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To The President-Elect
by [?]

Dear Sir.–The painful duty of turning over to you the administration of these United States and the key to the front door of the White House has been assigned to me. You will find the key hanging inside the storm-door, and the cistern-pole up stairs in the haymow of the barn. I have made a great many suggestions to the outgoing administration relative to the transfer of the Indian bureau from the department of the Interior to that of the sweet by-and-by. The Indian, I may say, has been a great source of annoyance to me, several of their number having jumped one of my most valuable mining claims on White river. Still, I do not complain of that. This mine, however, I am convinced would be a good paying property if properly worked, and should you at any time wish to take the regular army and such other help as you may need and re-capture it from our red brothers, I would be glad to give you a controlling interest in it.

You will find all papers in their appropriate pigeon-holes, and a small jar of cucumber pickles down cellar, which were left over and to which you will be perfectly welcome. The asperities and heart burnings that were the immediate result of a hot and unusually bitter campaign are now all buried. Take these pickles and use them as though they were your own. They are none too good for you. You deserve them. We may differ politically, but that need not interfere with our warm personal friendship.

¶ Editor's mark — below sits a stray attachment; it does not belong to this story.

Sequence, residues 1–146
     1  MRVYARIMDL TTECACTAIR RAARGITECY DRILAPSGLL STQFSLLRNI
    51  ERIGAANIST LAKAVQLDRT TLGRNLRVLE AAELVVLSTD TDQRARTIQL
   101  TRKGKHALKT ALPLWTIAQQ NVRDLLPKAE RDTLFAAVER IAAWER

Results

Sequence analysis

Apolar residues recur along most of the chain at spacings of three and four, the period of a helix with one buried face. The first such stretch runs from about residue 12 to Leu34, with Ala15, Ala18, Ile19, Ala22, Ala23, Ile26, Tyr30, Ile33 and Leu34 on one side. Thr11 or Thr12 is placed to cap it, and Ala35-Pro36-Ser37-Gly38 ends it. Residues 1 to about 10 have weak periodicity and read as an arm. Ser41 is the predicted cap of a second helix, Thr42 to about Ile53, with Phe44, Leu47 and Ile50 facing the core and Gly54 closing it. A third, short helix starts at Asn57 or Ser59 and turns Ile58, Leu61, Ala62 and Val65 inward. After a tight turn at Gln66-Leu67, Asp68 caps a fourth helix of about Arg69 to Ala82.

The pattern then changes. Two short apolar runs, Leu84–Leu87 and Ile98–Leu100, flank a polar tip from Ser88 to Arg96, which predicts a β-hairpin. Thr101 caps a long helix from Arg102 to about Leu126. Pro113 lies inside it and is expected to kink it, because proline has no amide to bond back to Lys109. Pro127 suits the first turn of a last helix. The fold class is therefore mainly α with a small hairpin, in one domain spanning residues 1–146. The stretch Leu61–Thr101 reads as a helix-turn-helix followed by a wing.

You will observe on taking possession of the administration, that the navy is a little bit weather-beaten and wormy. I would suggest that it be newly painted in the spring. If it had been my good fortune to receive a majority of the suffrages of the people for the office which you now hold, I should have painted the navy red. Still, that need not influence you in the course which you may see fit to adopt.

There are many affairs of great moment which I have not enumerated in this brief letter, because I felt some little delicacy and timidity about appearing to be at all dictatorial or officious about a matter wherein the public might charge me with interference.

I hope you will receive the foregoing in a friendly spirit, and whatever your convictions may be upon great questions of national interest, either foreign or domestic, that you will not undertake to blow out the gas on retiring, and that you will in other ways realize the fond anticipations which are now cherished in your behalf by a mighty people whose aggregated eye is now on to you.

Bill Nye.

P.S.–You will be a little surprised, no doubt, to find no soap in the laundry or bath-rooms. It probably got into the campaign in some way and was absorbed.